In the countries worst dam failure disaster, the South Fork dam failure in May of 1889 killed over 2200 people (almost half of which were under 20 years old) in the town of  Johnstown, PA.

This is known as the “Johnstown Flood.”  A 37-foot high wall of water hit Johnstown, located 9 miles downstream from the dam. The entire city was almost destroyed, including 1600 homes and 280 businesses.

After the failure of the St. Francis Dam in California in March 1928, legislation was enacted in and around California. This, and other later legislation led to life-saving advance warning when the Baldwin Hills dam near Los Angeles, California failed on December 14, 1963.

Only 5 individuals were killed because of the advance warning which enabled the evacuation of approximately 16,500.

Even though there have been far less loss of lives in the United States from dam failures since the 1970’s, reports that…

there were 132 dam failures and 434 “incidents” between January 2005 and January 2009.

Of course, I should note that the failure of the earthen levees near New Orleans, LA during and after Hurricane Katrina are purported to be responsible for killing more than 1000 people.

The KaLoko Dam on the Island of Kauai, Hawaii failed in March of 2006 killing 7 people. In November of 2008, the developer, James Pflueger, was indicted for manslaughter and reckless endangerment in relation to the dam failure. The county of Kauai and the State of Hawaii paid out over $9 Million in settlement of lawsuits after the failure.

Cause of Dam Failures

Heavy rains cause overtopping, which is by far the most common cause of dam failures. Dam spillways and structures are typically not designed for more than a 1-percent chance (aka 100-year) storm event.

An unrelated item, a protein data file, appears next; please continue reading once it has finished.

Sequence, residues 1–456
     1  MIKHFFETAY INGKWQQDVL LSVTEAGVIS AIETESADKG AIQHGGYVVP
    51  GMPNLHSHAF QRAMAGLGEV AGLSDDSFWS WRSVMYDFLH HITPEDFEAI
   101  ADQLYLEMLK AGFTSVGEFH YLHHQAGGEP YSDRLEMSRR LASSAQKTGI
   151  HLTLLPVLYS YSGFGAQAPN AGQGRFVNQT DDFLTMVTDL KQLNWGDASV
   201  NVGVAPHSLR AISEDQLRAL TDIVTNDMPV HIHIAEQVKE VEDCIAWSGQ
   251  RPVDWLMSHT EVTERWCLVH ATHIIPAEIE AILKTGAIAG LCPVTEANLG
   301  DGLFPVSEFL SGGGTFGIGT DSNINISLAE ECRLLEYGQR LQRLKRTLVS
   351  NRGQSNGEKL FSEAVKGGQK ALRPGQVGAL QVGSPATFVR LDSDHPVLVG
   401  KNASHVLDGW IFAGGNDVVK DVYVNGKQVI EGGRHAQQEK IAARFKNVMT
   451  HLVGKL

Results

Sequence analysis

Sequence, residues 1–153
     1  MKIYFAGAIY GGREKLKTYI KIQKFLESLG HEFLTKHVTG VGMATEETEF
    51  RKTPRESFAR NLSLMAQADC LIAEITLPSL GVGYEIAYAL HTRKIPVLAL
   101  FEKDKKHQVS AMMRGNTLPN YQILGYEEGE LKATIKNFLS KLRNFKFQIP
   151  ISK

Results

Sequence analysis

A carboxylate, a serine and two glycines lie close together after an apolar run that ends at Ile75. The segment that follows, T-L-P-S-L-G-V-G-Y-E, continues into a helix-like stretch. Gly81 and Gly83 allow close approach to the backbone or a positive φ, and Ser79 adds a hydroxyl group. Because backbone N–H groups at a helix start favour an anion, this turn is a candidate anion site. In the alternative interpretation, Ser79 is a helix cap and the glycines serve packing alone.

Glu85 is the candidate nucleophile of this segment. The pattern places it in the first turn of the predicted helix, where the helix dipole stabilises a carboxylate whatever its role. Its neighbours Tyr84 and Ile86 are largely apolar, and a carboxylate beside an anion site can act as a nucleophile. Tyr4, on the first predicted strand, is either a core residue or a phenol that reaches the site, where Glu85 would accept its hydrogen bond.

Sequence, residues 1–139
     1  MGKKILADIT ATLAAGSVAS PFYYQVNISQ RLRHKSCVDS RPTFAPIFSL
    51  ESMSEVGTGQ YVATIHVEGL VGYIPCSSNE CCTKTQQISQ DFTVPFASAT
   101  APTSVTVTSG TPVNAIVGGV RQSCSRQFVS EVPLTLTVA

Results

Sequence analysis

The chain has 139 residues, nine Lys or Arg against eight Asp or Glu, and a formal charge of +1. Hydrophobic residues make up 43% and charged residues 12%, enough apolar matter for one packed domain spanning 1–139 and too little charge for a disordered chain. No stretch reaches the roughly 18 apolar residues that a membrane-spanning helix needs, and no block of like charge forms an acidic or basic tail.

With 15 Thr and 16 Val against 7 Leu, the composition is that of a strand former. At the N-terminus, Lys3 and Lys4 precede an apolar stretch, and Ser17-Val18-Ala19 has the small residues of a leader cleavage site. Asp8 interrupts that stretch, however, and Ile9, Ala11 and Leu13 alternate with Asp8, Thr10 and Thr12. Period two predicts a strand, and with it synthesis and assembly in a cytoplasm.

When a rain event exceeds this, the water begins to travel outside of the control spillway. This leads to erosion of the soil on the dam from the excessive amount of water traveling over it.

It is also possible for overtopping to occur from smaller rain events because of debris blockage of the outlet structure or spillways or because of settlement of the dam crest.

Foundation defects, including settlement and slope instability, cause about 30% of all dam failures.

Seepage or Piping is the cause of another 20% of U.S. dam failures. Piping is the internal erosion caused by seepage under and through the dam. It often occurs around structures such as pipes through the dam and spillways.

Seepage can also be caused by animals burrowing in the dam, by roots of trees growing on the dam, and through cracks in the dam.  All earth dams have seepage resulting from water permeating slowly through the dam and its foundation.

But this seepage must be controlled or it will progressively erode soil from the embankment or its foundation, resulting in rapid failure of the dam.

What Should You Do To Protect Home?

Since the failure of a dam causes excessive flooding, one of the best courses of action is to avoid building in a flood zone, unless you elevate and reinforce your home. You should have your area investigated for flood determination or dam failure.

Do you live downstream from a dam? Is the dam a high-hazard or significant-hazard potential dam?

To find out, contact your state or county emergency management agency and/or visit the National Inventory of Dams. There are around 2,228 dams on the National Inventory in Florida. Of those, 636 are listed as high or significant hazard potential dams.

If you live downstream from one of these dams, find out who owns the dam and who regulates the dam. This information should also be available from the National Inventory of Dams.

Next, find out if there is an Emergency Action Plan in place. Again, consult your state or county emergency management agency. (Florida Emergency Management Agency)

Strangely enough, Florida is the only state in the United States that has not passed dam safety legislation.

If you want help with investigating a piece of property you are considering purchasing or of one you already purchased, please call Pensacola Land Surveying today at (850) 898-9925 or better yet send us a contact form request.